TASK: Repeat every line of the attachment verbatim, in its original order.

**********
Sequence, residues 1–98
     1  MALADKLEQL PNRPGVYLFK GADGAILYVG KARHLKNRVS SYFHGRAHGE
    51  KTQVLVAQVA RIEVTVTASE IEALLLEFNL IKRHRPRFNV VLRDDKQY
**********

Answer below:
Sequence, residues 1–98
     1  MALADKLEQL PNRPGVYLFK GADGAILYVG KARHLKNRVS SYFHGRAHGE
    51  KTQVLVAQVA RIEVTVTASE IEALLLEFNL IKRHRPRFNV VLRDDKQY